Writing with Sound

Waves can roll gently onto a beach while the trees whisper in the wind, or they can roar and crack the driftwood when they crash. Adding sounds to any prose can make a scene feel more real. Sound is an easy element to forget when writing a draft because typically the focus is on setting the scene and dialogue.

Sounds can be subtle scene-setters, however, and often in editing or even in early drafts I now will always make a point to stop and think about what the characters would hear in whatever situation I’ve written for them. Aside from spicing up the narrative and making the scene feel more realistic, sounds can also step in to ‘show’ something to the reader instead of telling them.

For example, imagine a scene in a busy restaurant where two people are having an awkward conversation. Telling the reader that the character paused during an awkward silence at dinner which can work to get the point across, but it might be better to focus the scene on the silence itself with something like: she didn’t respond to the question, and instead focused on the jangle of the spoon hitting the mug like a bell ringing as she stirred the coffee.

Because we often associate sounds with our own memories, the second version of the same scene that includes the spoon jangling in the mug brings the reader into the scene more closely and also help them remember that moment in the scene more because of what was excluded as much as the sound included.

When I’m stuck in a chapter or feeling a sense of writer’s block, refocusing the writing to add in sound often helps improve the scene and help usher me into the next chapter. It’s a little trick that I’ve found to be helpful. I hope that this writing tip ‘clicks’ with you as well!

Scene Setting

Setting the scene in writing projects helps transport the reader to the world they are reading about. I like to think that drafting out long descriptions of what a house looks like or what the characters look like then steals a little bit of the reader’s imagination. A reader brings their own view into the fictional world created by the writer, and it’s important to let the reader fill out some of the details in the scene themselves.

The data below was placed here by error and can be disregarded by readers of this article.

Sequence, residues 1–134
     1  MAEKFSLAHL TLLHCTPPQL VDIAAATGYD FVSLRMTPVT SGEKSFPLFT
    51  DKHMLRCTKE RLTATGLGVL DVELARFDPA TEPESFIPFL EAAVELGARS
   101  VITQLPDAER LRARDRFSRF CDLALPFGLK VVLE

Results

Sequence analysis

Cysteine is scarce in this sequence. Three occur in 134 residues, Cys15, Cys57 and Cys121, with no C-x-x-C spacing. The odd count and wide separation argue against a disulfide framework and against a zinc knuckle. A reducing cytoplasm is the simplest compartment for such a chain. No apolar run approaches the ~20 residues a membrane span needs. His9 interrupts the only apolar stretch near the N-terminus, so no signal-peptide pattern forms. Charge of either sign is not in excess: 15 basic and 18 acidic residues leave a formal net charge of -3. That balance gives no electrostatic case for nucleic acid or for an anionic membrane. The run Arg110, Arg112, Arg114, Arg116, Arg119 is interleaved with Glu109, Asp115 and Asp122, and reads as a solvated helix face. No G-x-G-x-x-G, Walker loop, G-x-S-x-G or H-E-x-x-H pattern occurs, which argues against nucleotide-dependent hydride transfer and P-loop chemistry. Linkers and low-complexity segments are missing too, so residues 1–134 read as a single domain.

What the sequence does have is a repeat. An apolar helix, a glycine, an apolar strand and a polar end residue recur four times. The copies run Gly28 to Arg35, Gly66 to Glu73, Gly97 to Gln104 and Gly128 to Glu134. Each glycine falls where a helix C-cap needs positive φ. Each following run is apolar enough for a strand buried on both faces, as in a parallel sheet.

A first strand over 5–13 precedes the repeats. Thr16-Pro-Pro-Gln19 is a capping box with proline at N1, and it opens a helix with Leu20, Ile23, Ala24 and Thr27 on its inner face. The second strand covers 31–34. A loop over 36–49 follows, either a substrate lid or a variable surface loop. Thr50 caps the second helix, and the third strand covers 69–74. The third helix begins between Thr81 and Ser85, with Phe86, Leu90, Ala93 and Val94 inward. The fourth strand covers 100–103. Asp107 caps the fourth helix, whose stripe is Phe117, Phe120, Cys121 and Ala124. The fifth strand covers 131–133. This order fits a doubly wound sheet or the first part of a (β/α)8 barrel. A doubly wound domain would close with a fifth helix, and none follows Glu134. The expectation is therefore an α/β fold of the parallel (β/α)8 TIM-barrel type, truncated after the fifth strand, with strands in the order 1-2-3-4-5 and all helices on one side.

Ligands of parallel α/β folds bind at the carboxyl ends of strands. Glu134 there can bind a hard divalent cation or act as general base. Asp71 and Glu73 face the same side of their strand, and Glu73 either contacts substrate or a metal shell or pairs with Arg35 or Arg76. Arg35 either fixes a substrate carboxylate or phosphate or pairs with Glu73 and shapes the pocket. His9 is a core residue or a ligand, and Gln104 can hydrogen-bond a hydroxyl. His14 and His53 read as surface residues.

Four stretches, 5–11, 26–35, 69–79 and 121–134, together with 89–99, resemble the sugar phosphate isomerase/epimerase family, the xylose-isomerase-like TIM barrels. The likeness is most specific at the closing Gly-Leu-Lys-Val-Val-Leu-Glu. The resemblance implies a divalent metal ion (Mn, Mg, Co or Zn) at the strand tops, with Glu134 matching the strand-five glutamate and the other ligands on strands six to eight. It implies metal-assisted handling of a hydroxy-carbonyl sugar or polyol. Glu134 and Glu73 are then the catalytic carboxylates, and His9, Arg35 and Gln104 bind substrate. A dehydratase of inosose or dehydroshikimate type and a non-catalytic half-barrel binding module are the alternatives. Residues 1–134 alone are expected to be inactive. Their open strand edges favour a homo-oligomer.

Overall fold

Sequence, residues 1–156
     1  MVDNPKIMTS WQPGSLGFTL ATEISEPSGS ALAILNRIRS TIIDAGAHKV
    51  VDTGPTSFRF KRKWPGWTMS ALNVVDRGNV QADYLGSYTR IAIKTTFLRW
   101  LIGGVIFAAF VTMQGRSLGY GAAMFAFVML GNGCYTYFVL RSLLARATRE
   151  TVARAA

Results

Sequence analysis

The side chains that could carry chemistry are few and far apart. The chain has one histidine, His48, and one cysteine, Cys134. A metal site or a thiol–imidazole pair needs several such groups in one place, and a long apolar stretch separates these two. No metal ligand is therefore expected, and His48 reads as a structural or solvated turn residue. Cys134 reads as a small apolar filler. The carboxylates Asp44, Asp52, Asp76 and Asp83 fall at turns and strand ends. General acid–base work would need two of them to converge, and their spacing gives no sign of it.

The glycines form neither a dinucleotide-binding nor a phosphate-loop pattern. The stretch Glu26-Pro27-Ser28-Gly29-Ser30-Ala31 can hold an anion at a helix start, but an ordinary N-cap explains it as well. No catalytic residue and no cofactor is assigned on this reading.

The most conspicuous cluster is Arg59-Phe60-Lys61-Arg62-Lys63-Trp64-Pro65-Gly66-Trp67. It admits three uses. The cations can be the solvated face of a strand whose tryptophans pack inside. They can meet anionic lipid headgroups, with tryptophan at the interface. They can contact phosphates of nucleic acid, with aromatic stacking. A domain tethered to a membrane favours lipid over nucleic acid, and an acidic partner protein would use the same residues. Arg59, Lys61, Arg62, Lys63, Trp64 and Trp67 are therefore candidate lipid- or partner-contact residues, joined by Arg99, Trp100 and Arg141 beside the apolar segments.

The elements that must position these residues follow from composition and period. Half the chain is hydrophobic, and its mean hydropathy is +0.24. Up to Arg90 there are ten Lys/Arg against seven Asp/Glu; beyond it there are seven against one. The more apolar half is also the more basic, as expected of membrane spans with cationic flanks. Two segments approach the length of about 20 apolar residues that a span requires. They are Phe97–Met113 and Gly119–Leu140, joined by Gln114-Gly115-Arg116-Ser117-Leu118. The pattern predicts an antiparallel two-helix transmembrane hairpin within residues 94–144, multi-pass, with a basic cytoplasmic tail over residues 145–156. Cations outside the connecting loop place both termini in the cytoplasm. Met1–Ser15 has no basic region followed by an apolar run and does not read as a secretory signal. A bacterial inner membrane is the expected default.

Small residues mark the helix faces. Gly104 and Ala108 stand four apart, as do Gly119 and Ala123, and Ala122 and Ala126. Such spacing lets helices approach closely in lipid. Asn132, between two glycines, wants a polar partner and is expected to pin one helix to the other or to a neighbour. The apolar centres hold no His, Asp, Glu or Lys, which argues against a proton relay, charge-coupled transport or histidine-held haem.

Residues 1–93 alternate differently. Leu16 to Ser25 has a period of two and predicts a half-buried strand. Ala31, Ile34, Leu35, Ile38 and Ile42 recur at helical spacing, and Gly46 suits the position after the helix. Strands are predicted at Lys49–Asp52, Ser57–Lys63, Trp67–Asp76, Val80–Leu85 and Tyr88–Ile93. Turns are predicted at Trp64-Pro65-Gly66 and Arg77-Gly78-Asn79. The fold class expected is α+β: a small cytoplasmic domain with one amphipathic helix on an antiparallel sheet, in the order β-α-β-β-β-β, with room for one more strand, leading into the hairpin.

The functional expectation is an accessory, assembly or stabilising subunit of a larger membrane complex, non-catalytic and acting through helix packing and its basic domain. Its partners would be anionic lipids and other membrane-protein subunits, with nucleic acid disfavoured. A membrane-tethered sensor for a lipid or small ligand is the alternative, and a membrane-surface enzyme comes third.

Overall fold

Details, and choosing the right details, shared about characters or locations provide just enough for a reader to transform themselves. For example, one thing that I make a point of doing in my writing is allowing the readers to determine what the characters look like. I trust the reader’s imagination to fill in the blanks and to co-create the world that I’ve built for them.

That style grew from my own reading, where after a few details about reading about a character, I develop a picture in my mind about them. When additional details on page three or twelve then change that image in my mind, I personally get annoyed as a reader. I already knew what the enchanted cottage garden looked like with only the description of the beige limestone, slate shingles, and wild green garden that grew without any clear intention yet seemed purposefully designed (picture above, for example). Note all of the other details that I left out of my description on purpose.

When the writer then adds a long description about the type of gravel used in the garden paths and the specific flowers that dot the pathway, then my image is dashed as a reader. How authors describe characters and scenes I think probably has a lot to do with the types of books they enjoy and how much of their imagination they like to provide to the reading experience.

For my characters, I trust the readers to round out their images based on some carefully deliberated details. I don’t expect that the reader will have the exact same image in their heads that I do about one of the lead characters, Sam, for example. I describe Sam as someone who looks like a handsome outdoor clothing catalog model.

While some may say that this approach leaves too much for the reader’s imagination to fill in, I disagree. I think a writer’s job is to bring the reader to the the world and to introduce the characters with just the right details – then allow the reader to make the story their own. Trusting in that ‘team’ approach to writing is just one approach of many for setting the scene. The fun part of reading is being able to experience all the different types of writing styles and to discover which ones appeal to you the most.